Or here’s another hypothetical. Let’s say you’re PwC HR or a PwC ethics officer, and a staff person from California uses the firm-approved ethics hotline to voice concerns with potential violations of California employment law. Do you (a) call in an outside attorney to see if the concerns are valid and the firm has any risk exposure from possible litigation, (b) report the call to the Office Managing Partner who takes it into account at year-end reviews, or (c) call the staff “whining p*ssies” and fire them? Answer (b) is typical. Answer (c) is possible. What do you think the effect of any answer other than (a) is on future staff who want to report issues and concerns to the firm ethics hotline, or want to engage in reforming the firm from within?

      5. “There is no denying that there are improvements to be made, but those improvements have to do with PEOPLE, because in every single case that is on this blog, its the people that failed not the model. It’s the partner at Enron, Ernie Ebbers, Bernie Madoff, SEC, CEO of Lehman, Satyam CEO, the basics is that all the failures in audit are usually due to human error/greed and fraud, someone going against the model.”

      Let’s start with the first two in your list. How convenient to blame Andersen’s failures on rogue individuals. It was Duncan’s fault at Enron. It was Ebber’s fault at MCI/Worldcom. Well, sir, you are mistaken in those two instances. At Enron, it was an Andersen leadership override of risk management controls, coupled with decentralizing quality control to the local partnerships. The system failed. At MCI/Worldcom, the external audit team used a “risk-based audit approach” and never, ever, detected the problem — but the internal audit team identified it easily and reported it. The audit failed. There were no rogue actors to point the finger at; the problem in both cases was systemic.

      Let’s skip Madoff, because the jury is still out.

      The SEC is not a person but an entity (a political one at that) and, while I’m sure there are people problems there, the SEC does not actually perform audits of publicly traded companies so it can’t be the rogue actor in your scenario. I guess we could agree that we need to better fund the SEC so that it can more quickly identified audit failures and go after the wrong-doers. Is that your point?

      Lehman has not, to my knowledge, been indicted or convicted, so not sure how to respond to you there about the CEO’s actions or inactions.

      Satyam is your final entry and, while we don’t know everything about that case yet, what we do know is that two PwC audit partners are in jail and cash balance confirmations failed to detect missing funds of a material amount. Looks like an audit failure, but we don’t yet know root cause(s) and don’t know all the facts. I, for one, am withholding judgment until we learn more.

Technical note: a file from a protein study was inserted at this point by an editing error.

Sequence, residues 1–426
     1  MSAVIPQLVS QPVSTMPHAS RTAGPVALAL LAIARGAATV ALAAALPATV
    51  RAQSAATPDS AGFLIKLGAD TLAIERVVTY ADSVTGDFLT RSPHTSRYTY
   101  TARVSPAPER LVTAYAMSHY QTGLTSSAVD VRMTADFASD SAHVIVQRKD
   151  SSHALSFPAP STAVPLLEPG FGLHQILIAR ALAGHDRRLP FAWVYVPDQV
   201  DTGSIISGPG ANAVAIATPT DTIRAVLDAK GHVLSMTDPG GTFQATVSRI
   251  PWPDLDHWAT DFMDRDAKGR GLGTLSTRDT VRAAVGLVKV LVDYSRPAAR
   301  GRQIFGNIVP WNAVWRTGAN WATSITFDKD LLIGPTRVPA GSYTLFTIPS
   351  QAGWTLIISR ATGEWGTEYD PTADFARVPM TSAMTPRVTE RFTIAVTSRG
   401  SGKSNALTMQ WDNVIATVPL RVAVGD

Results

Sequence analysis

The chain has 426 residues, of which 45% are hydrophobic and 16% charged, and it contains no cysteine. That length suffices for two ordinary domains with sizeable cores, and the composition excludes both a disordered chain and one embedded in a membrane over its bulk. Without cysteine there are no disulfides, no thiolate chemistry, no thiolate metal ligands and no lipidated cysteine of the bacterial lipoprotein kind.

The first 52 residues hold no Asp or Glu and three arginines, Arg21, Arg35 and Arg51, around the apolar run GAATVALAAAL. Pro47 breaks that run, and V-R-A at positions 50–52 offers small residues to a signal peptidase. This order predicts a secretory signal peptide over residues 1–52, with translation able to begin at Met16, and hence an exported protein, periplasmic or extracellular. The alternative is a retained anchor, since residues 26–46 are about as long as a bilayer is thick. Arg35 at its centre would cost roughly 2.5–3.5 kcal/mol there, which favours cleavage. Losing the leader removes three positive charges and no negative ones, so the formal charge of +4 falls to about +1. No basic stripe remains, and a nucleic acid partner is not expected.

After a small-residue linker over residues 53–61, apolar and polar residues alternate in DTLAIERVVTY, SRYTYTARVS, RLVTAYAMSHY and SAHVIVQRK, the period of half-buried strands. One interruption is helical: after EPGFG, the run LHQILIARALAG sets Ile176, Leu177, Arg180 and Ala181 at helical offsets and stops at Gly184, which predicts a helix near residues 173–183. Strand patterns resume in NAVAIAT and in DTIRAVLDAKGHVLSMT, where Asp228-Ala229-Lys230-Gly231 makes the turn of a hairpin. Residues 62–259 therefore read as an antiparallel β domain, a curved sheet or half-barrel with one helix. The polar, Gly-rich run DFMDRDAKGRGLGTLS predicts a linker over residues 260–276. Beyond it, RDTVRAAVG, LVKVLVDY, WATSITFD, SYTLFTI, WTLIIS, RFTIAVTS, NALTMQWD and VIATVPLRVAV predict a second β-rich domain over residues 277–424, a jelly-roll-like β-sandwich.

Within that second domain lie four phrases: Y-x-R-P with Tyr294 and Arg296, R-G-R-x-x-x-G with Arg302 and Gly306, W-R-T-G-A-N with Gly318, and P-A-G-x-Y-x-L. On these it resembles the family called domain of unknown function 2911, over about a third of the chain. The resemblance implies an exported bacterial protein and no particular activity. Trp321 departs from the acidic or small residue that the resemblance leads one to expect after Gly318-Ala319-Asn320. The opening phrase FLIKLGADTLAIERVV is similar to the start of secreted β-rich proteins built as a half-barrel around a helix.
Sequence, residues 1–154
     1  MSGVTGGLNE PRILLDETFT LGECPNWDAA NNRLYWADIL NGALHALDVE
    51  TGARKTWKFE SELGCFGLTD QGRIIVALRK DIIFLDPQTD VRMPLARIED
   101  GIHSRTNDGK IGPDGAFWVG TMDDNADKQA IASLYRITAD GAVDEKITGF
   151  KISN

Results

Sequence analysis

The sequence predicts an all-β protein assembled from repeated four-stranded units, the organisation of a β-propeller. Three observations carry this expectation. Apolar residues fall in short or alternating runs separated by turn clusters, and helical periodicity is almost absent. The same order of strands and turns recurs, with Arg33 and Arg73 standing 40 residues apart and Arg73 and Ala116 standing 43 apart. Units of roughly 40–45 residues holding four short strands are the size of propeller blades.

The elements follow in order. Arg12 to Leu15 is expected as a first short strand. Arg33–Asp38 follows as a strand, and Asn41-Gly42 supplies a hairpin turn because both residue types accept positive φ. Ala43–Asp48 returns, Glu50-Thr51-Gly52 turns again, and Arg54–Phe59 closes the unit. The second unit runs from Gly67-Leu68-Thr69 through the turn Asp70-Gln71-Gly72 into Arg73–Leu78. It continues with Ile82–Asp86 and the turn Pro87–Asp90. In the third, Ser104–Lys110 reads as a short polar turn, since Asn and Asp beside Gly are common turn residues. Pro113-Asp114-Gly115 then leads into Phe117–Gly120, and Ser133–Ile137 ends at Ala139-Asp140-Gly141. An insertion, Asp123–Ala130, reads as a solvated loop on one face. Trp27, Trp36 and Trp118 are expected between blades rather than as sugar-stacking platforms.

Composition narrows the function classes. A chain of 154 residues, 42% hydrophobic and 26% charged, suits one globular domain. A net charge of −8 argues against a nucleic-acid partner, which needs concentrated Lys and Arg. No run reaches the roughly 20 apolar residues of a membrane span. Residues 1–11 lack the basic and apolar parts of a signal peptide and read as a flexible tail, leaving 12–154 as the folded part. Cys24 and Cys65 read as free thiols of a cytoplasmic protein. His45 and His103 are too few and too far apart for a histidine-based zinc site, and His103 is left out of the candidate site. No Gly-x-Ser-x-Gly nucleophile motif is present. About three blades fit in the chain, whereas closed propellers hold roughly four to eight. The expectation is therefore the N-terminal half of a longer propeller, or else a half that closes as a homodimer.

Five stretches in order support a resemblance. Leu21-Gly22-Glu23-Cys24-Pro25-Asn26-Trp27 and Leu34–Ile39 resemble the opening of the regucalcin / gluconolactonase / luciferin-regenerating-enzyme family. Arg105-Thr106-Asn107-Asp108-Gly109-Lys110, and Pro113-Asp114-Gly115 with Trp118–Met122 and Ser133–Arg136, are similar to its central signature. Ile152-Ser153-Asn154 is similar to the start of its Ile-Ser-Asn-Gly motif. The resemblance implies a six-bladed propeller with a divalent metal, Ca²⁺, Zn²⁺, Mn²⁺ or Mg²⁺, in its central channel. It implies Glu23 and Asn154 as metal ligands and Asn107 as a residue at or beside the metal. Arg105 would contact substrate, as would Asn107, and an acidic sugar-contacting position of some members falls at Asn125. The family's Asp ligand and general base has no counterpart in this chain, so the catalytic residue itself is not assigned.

Granted, no model is perfect. But a model that permits such spectactular failures is one that needs to be fixed. Right now. Fixed by people who do not have a vested interest in maintaining the current model.

      So, to sum up: if you are a troll I give you high marks because I fell for it. But if you are sincere in your positions, I can only shake my head and suggest you start reading books, articles, and media reports other than firm-sponsored or firm-published ones, because the truth is out there. The problem is, you won’t find it from inside your firm.

      — Tenacious T.

    7. @ 55

      It’s what I’m hearing from numerous people all over PwC, in client facing functions and support functions and at high levels. It’s already happened/happening to people I know personally. You have to realize, I get phone calls and email mail and Twitter DMs every day from people that are afraid to post comments (especially from PwC) that are only reflected in my comments and the posts.
      Francine

    8. It feels like this blog breaks into four camps: 1) those who work at the big 4 and are “successful” – accused of drinking the kool-aid 2) those who work at the big 4 and don’t feel like they have a path to being “successful” – they say things like “partners pick favorite people who go with the flow and don’t question their superiors” – while I think that healthy discourse is good for a company and to get actual, tangible change and the absence of such discussion is bad for a company, the truth of the matter is that every company operates this way to some extent. The big 4 is so siloed into “camps” that it exacerbates this issue. 3) those who were fired from the big 4 – this is when you hear how horrible it is and how there are no long term prospects and this is a failed business model, etc. etc. etc….you didn’t work out here, so it’s the business’ fault and not your own. While this is true in some cases, it is a rationalization that everyone does 4) those who never made it into the big 4, either because they never wanted to or couldn’t crack it – we are your competitors, so why would you have anything productive to say about us? Not to say your thoughts don’t contain some nuggets of truth, but your self-serving agenda seeps through your comments. In the event I get fired, I’ll probably drop from camp 1 to camp 3 – it’s just how people are.

      Systemic change from the inside is difficult, but I agree that it needs to occur for the big 4 to be a sustainable model. But to say that the big 4 provides no value to companies or shareholders is bullshit – in some cases, maybe they do go with the flow in order not to lose business, but I’ve been on plenty of projects that have actually identified issues and proactively worked to resolve them, even in the face of management resistance. The key is to hold individual partners accountable, either through the legal system or internally i.e. if someone does something wrong, do not just ship them to corporate and let them sit out their two year ban; instead, fire them and go after some or all of their partner share.

      @anon #52 – yikes – I’m sure I look like a big 4 apologist but my god – they should call you the Kool-Aid Man